UK-based Tanzanian writer Abdulrazak Gurnah is awarded the Nobel Prize for Literature for works that explore the legacies of imperialism on uprooted individuals.
The Swedish Academy says the award is in recognition of his “uncompromising and compassionate penetration of the effects of colonialism and the fate of the refugee in the gulf between cultures and continents.”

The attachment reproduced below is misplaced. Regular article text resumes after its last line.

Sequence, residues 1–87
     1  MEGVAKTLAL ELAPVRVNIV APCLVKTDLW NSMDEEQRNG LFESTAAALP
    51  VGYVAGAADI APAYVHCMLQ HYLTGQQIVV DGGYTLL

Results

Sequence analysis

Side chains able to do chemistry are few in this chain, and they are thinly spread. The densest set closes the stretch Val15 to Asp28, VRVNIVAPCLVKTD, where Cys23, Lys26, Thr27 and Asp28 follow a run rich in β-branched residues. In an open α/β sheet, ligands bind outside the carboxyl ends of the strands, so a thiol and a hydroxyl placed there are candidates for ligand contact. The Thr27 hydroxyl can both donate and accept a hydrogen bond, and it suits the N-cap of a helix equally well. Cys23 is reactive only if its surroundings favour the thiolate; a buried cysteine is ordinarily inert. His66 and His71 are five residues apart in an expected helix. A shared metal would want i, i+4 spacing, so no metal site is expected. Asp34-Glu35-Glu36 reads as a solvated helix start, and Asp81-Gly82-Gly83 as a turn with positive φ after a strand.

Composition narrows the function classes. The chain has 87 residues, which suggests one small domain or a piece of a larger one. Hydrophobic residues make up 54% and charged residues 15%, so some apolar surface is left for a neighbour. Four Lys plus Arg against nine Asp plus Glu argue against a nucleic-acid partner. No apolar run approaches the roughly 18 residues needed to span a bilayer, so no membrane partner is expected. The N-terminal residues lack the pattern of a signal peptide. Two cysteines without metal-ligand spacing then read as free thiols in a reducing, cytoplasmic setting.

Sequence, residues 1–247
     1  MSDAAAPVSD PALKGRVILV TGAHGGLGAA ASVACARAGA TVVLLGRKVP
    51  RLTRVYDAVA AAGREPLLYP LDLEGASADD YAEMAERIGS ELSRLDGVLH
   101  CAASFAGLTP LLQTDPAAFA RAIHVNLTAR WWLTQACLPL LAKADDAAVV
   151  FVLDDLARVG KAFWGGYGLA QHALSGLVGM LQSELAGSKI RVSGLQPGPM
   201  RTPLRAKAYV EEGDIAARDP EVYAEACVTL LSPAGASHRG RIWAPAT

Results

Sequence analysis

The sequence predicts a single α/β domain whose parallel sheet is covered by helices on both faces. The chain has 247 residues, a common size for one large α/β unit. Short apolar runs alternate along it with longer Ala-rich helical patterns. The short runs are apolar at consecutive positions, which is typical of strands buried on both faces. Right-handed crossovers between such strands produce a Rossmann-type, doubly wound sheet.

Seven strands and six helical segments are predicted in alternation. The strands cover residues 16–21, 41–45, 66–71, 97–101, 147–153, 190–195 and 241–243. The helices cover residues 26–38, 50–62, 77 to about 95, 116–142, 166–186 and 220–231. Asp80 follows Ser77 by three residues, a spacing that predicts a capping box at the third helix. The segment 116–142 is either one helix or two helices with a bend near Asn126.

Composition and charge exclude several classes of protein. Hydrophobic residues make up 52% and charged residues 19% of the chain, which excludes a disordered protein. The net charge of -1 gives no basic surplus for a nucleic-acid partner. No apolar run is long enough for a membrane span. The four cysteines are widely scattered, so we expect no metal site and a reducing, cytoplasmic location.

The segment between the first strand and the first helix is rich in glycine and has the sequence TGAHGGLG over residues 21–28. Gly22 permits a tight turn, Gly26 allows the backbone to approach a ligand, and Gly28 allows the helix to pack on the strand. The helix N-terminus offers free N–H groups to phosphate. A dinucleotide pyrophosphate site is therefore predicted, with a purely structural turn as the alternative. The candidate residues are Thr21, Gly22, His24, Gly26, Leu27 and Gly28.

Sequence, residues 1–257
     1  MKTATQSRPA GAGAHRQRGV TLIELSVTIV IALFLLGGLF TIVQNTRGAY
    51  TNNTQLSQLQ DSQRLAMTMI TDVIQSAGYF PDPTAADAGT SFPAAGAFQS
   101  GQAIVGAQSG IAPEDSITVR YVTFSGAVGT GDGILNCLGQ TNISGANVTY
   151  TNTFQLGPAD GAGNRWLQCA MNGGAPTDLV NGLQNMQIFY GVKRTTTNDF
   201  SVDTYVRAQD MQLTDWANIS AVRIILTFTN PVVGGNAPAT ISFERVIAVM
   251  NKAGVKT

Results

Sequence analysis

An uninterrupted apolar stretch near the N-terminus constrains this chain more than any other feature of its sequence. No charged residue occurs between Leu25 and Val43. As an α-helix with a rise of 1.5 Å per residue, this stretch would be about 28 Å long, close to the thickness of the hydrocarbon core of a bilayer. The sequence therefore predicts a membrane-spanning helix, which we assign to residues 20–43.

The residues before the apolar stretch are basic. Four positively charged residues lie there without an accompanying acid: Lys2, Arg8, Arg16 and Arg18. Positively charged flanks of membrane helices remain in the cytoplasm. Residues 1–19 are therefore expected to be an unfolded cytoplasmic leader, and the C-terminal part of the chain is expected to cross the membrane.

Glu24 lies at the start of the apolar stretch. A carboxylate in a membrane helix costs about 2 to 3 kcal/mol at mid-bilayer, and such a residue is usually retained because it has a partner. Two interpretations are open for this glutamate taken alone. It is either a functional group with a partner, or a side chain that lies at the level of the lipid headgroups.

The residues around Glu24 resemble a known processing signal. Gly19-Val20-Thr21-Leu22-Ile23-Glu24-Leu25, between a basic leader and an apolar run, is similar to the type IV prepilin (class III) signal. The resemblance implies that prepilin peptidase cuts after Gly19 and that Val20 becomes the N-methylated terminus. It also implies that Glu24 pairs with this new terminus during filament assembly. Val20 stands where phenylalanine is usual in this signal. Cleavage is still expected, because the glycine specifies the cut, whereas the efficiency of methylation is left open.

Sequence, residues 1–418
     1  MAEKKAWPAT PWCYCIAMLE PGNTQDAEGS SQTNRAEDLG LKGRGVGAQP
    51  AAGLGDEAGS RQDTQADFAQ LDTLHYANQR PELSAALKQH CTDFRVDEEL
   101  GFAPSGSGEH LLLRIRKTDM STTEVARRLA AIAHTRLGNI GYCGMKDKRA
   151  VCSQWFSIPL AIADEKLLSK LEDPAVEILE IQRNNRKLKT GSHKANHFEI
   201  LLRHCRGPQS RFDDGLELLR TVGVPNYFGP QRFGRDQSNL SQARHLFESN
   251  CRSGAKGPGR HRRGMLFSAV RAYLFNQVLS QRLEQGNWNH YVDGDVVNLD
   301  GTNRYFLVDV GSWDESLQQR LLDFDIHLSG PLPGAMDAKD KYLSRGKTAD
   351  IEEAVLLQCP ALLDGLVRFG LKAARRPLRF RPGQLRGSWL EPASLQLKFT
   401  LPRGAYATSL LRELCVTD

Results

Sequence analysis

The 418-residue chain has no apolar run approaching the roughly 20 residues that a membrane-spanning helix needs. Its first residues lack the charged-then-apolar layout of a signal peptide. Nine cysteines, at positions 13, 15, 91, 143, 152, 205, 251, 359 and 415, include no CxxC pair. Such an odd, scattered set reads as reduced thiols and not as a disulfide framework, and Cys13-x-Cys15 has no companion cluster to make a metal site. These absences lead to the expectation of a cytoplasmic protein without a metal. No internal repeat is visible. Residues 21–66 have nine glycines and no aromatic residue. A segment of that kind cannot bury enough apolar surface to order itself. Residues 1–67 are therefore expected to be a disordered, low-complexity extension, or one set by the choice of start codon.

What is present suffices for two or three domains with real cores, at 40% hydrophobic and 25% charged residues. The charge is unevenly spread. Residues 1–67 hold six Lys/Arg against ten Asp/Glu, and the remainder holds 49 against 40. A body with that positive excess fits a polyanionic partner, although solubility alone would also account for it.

Born on Zanzibar in 1948, Gurnah moved to Britain as a teenage refugee after an uprising on the Indian Ocean island in 1968. Recently retired as a professor of post-colonial literature at the University of Kent, he is the author of 10 novels, including “Paradise,” which was shortlisted for the Booker Prize in 1994, “BY the Sea” and “Desertion.”
Anders Olsson, chairman of the Nobel Committee for literature, calls him “one of the world’s most prominent post-colonial writers.”